Katharine Birbalsingh’s book To Miss With Love, a chronicle of secondary school life through the eyes of a teacher based in inner city London has caused uproar for a variety of reasons. Many have expressed doubts concerning the veracity of the story. Others have seen the author as blatant careerist and against the teaching profession. In my view, this book is part of a growing wider debate about education and as such it should be read, if nothing more than to have a wider appreciation of the issues at stake outside the experience of our own institutions/classrooms.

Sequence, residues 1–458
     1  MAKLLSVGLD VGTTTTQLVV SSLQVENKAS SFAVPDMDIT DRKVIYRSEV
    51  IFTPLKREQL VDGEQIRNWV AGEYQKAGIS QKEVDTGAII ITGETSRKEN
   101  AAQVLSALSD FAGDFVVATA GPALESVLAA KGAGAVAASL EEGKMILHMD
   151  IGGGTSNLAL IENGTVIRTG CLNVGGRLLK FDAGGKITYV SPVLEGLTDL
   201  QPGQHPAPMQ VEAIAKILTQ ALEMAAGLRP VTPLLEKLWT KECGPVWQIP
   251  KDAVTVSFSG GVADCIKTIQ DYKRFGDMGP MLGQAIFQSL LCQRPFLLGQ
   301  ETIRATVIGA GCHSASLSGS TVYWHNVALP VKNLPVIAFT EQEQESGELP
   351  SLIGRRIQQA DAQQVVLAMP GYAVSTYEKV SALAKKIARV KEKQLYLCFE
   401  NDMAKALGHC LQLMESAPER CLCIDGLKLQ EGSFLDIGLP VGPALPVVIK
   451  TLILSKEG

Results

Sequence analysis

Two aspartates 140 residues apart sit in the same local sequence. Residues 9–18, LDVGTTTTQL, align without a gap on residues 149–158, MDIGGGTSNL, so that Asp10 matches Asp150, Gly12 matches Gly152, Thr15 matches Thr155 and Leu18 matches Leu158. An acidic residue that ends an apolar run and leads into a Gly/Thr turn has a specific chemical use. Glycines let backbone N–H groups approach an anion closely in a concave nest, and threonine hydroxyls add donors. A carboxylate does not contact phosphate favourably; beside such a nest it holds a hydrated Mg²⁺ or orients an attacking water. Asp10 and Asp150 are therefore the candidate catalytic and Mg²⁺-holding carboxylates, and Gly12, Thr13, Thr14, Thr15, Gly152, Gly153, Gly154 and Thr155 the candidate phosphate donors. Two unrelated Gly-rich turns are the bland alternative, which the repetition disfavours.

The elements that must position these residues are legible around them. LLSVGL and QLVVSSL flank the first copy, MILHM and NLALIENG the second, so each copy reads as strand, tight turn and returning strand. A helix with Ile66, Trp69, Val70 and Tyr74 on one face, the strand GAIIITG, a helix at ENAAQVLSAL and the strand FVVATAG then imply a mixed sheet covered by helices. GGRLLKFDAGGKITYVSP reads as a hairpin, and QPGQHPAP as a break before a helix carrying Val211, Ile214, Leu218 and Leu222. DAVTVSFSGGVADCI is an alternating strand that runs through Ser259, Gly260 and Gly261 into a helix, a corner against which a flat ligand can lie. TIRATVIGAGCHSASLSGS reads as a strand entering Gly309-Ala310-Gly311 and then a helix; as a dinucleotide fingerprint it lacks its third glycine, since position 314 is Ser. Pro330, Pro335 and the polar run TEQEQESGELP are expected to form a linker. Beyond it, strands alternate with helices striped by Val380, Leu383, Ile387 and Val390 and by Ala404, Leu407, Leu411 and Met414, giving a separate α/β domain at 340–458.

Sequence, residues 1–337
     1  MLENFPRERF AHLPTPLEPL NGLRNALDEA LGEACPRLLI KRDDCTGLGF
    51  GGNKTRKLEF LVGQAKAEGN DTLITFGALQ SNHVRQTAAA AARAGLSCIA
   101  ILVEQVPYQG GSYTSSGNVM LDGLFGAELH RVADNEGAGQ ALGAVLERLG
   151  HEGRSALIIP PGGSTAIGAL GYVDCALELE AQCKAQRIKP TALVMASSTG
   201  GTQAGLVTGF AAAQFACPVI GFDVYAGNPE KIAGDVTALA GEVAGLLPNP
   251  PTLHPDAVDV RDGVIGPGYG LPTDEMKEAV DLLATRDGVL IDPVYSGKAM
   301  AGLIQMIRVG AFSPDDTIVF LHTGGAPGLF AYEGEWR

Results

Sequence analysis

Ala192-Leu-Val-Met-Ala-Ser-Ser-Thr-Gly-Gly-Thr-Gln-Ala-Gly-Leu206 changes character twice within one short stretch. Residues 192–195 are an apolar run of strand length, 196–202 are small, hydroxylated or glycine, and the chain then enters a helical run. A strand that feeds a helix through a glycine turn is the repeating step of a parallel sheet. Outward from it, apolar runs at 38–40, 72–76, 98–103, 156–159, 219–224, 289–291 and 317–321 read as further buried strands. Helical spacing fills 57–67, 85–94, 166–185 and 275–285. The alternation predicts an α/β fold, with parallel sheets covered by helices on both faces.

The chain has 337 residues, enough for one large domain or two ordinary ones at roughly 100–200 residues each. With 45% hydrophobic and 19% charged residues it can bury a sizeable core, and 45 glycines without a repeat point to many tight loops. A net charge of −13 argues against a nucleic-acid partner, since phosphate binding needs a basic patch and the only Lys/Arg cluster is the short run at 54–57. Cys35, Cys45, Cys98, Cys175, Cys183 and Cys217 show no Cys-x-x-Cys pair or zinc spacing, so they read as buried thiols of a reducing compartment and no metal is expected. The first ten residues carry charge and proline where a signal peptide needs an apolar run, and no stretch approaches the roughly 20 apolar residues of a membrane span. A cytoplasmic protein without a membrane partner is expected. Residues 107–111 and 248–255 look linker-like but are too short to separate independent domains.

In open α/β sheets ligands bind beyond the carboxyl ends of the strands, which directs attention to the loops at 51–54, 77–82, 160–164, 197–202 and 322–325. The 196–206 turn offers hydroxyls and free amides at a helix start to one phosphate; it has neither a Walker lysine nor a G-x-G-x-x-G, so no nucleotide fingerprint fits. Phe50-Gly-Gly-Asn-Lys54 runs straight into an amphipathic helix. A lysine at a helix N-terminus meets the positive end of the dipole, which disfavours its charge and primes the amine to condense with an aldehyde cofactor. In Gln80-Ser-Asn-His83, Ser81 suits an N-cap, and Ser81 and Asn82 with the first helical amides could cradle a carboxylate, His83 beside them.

On its own merits, the book resonated with me on many levels, both professionally and personally. I grew up London and attended schools in Hackney and Tower Hamlets. I have also worked in four different schools (State and Independent) and I am fortunate to speak/engage with a wide range of educators across the UK and I readily recognise both the positive and negative aspects of Miss Snuffleupagus’ school. The tiredness. The moments of intense frustration. The ‘highs’ that you cling on to when the going is really tough were recognisable. As a result, I was gripped; I was saddened when Furious could not find the wherewithal to make a positive change, elated when Dopey achieved his ‘C’ grade in English and disturbed with Magical’s treatment by Ofsted. I certainly do not agree with all Miss Snuffleupagus’ conclusions (and have expressed my concerns to the author in private and nothing a healthy dose of Giddens, Marx and a visit to some of the History classrooms I have seen could not cure) but it does not mean that I cannot consider the book for what it is; a situated and substantive account/story of the problems within education. Charlie Caroll’s book ‘On The Edge’ highlights similar positives and negatives (sometimes in a more brutal fashion) of educational institutions across England. What they both indicate, in conjunction with the recently launched Purpos/ed movement, is that many educators feel that there is a something not quite right with education in our society and we should do something rather than just accepting the status quo. Ignoring this message on the basis of party/ideological/political posturing obscures what really matters and gets us no closer to helping young people like Furious achieve their potential.